Gaston Ready For Takeoff In Miami

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For Hugo Gaston, life is quite a bit different after his breakout run at last year’s Roland Garros, but in many ways it’s stayed the same.

The Frenchman was the last player from his country left standing by the third round, and he made sure that Parisians remembered his name. Ranked No. 239 in the world, Gaston stunned former champion Stan Wawrinka in thriller 2-6, 6-3, 6-3, 4-6, 6-0 to announce his arrival.

His run propelled him into the Top 200, and he achieved career-high No. 157 in FedEx ATP Rankings in October. It also won the 20-year-old plenty of new fans and supporters.

“Sometimes a lot of people want to take pictures with me now,” Gaston told ATPTour.com. “[Even] when I was in my home city, some people wanted to take photos with me. Of course, it’s nice for me. 

“Of course, the people know me a little bit more [now], but I’ve stayed the same. I try to stay focussed on my tennis game.”

Off the court, the 20-year-old still lives with his parents in Fonsorbes, a suburb of Toulouse, France – and a place where tennis-playing Gaston stands out for more than his signature drop shots. 

“In Toulouse, it’s like 80 per cent of the population that works in [the aeronautics industry]. It’s really big there,” Gaston told ATPTour.com. 

His hometown lies at the centre of European aeronautics, with over 500 companies clustered around France’s “Aerospace Valley”. In fact, both of Gaston’s parents as well as his older brother work for airline manufacturer Airbus ensuring quality control and making sure the aircrafts are ready for takeoff. 

“It’s really nice, sometimes we just talk about airplanes,” Gaston explained. “It’s good to talk not about tennis. For me it’s important to learn what I can from my family about airplanes as well, not only tennis.”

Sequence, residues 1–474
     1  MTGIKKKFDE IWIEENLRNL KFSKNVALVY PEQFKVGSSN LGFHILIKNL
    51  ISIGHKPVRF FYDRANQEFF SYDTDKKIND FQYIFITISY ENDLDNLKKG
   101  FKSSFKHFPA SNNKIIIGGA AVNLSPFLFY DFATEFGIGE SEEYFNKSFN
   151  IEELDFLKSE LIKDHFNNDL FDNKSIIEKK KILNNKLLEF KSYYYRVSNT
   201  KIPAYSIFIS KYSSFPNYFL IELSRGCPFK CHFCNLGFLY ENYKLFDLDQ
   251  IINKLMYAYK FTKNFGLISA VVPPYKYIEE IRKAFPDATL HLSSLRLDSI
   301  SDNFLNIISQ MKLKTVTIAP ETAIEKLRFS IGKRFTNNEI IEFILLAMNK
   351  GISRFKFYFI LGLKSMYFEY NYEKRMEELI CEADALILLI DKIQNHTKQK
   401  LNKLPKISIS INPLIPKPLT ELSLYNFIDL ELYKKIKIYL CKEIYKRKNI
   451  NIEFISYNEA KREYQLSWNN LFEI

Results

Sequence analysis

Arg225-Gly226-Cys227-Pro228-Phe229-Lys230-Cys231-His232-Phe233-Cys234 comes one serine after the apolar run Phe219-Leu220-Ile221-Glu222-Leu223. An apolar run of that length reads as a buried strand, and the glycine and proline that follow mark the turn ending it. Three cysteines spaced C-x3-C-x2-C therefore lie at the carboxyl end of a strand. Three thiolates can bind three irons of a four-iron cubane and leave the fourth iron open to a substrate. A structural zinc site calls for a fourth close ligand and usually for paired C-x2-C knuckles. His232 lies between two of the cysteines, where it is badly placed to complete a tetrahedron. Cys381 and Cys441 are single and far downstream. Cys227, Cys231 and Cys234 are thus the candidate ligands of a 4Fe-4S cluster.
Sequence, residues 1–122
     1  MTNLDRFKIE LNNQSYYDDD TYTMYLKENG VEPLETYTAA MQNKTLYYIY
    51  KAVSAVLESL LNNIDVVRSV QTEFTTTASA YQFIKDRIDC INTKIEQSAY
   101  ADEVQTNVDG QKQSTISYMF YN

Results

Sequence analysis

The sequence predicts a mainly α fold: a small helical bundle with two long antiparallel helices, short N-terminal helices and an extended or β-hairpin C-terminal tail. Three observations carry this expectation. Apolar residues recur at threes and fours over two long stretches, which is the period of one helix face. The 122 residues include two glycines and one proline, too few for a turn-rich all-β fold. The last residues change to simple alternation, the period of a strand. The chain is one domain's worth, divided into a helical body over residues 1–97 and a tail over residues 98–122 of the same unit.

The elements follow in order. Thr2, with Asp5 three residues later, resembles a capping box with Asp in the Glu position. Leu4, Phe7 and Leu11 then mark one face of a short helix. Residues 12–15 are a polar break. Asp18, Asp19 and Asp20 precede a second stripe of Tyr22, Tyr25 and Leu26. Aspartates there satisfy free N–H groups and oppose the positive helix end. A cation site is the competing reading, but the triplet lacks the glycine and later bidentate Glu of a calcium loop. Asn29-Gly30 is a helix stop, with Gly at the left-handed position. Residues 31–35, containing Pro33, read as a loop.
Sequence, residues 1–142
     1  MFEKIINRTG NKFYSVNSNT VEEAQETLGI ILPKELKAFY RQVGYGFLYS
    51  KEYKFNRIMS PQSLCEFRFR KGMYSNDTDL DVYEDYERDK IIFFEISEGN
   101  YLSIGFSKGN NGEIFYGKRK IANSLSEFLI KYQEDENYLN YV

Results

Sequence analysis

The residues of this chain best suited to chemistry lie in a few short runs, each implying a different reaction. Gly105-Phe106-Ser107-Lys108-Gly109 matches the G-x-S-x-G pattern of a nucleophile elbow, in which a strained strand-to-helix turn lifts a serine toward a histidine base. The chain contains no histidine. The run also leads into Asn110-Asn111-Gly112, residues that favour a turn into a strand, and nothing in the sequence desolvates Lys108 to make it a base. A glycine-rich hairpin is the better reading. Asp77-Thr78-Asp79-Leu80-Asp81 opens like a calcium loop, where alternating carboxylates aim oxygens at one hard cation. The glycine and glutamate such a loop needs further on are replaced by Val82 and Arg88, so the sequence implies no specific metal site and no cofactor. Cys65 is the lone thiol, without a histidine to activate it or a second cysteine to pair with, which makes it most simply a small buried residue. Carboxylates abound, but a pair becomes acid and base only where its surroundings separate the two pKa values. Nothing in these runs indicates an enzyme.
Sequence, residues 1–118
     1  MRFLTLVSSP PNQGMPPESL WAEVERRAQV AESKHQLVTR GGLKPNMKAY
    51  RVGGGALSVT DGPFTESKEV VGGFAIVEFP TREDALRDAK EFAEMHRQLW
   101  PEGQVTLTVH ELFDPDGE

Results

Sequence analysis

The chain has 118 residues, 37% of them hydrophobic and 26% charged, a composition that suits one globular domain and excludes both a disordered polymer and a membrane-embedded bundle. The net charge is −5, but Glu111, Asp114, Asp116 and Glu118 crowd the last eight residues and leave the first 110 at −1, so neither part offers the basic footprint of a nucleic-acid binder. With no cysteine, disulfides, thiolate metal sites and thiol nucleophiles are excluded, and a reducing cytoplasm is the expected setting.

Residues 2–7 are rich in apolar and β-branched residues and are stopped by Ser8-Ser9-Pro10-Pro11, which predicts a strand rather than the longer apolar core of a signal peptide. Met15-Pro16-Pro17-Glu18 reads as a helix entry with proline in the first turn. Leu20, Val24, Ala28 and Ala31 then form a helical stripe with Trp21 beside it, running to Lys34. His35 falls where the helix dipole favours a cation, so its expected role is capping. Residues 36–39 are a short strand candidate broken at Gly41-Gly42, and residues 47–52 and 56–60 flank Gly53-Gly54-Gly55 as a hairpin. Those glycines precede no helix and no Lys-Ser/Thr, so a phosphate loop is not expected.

But Gaston always knew he was destined for tennis, another passion he inherited from his family. His father was the president of the Fonsorbes Tennis Club and he grew up accompanying him to the courts. 

He always had a racquet in his hands since he began playing at the age of two, and grew up idolising fellow lefty Rafael Nadal. 

“He’s a lefty and I like his mentality. For me, it’s really nice to watch [him play] and I try to take something from him [as an example],” Gaston said. “[I met Rafa for the first time] during the juniors, maybe in Australian Open. For me I was a young player and to see Rafa just behind me was amazing.”

Like Nadal, Gaston found the best tennis of his career on the courts of Roland Garros. The conditions in the French capital don’t exactly suit his game, but Gaston found joy on his signature shot time and again on his way to the fourth round.

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“I always play a lot of drop shots, not only in Roland Garros but even back in juniors it was the same,” he said. “Of course, the conditions at the French Open are really difficult so for me it’s really good to do this shot. I do a lot, a lot of drop shots. For me it’s [been] a good shot, and I try to hit a drop shot when I can.” 

The Gaston drop shot was on display at the Miami Open presented Itau, where the Frenchman won his first match at the ATP Masters 1000 level. Up against Dominik Koepfer, Gaston recorded a 6-1, 6-4 victory to book a second-round clash with No. 21 seed Jannik Sinner. He’ll be out for revenge, as Sinner won 6-4, 6-1 in their most recent meeting in Marseille. 

“My dream is to be the No. 1 and in the Top 10 and to take a lot of Grand Slams. I know it’s really difficult, we have a lot of really good players. So I will try to do my best and we’ll practise, and we will see.”

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